The attempts of a beekeeper and flower grower to keep the pesky rainbow lorikeets away resulted in what is now known as the Currumbin Wildlife Sanctuary (28 Tomewin Street, Currmbin), a nature reserve and conservation facility that, today, is home to the largest collection of Australian native animals in the world.
In 1947, Alex Griffiths began feeding the birds that frequented his prized garden to distract them from destroying it. The collection of birds and their daily feedings became a local oddity and then a major tourist attraction. In 1967, Mr Griffiths gifted the Sanctuary to the National Trust of Queensland.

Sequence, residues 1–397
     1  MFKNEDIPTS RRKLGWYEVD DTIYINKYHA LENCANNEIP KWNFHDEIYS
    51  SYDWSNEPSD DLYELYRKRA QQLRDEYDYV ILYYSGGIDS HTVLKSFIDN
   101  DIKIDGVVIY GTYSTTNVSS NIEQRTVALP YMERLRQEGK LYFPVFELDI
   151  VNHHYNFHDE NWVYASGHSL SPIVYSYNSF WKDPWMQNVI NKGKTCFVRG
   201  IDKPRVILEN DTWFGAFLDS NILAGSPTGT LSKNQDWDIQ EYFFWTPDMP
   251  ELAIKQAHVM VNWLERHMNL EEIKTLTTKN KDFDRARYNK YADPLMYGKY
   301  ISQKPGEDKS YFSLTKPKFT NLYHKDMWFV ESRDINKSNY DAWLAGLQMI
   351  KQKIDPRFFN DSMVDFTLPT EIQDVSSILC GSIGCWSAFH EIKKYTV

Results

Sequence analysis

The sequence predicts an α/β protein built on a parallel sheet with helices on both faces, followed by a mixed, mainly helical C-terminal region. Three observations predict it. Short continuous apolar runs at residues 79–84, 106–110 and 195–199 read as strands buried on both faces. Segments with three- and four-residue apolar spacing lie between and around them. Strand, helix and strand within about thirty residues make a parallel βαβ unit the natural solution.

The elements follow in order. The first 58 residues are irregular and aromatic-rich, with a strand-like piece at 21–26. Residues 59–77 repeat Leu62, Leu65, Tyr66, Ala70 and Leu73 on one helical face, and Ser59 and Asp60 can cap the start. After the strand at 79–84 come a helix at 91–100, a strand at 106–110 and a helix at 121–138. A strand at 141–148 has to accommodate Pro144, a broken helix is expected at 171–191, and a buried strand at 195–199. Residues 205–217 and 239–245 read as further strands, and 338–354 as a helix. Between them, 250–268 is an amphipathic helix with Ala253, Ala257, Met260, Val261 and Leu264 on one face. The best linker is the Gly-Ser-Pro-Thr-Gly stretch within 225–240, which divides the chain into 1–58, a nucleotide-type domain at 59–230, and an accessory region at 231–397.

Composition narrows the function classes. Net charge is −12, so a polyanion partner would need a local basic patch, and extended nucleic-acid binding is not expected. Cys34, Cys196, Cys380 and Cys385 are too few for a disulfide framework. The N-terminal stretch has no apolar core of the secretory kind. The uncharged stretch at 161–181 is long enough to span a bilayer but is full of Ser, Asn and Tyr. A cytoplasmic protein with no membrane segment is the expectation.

Currumbin Wildlife Sanctuary is an Eco Certified Ecotourist activity, with all revenue from the park going back in to conservation and wildlife research projects. Visitors to the park can explore the huge selection of native fauna (the rainbow lorikeets are still the main attraction), feed the animals, have your photograph taken with a crocodile, take in a didgeridoo show or travel around the park via the miniature train.
The Sanctuary Cafe and Koala Junction offer up fresh, modern meals and the Sawrey Room is a 120 seat function room available for weddings and parties.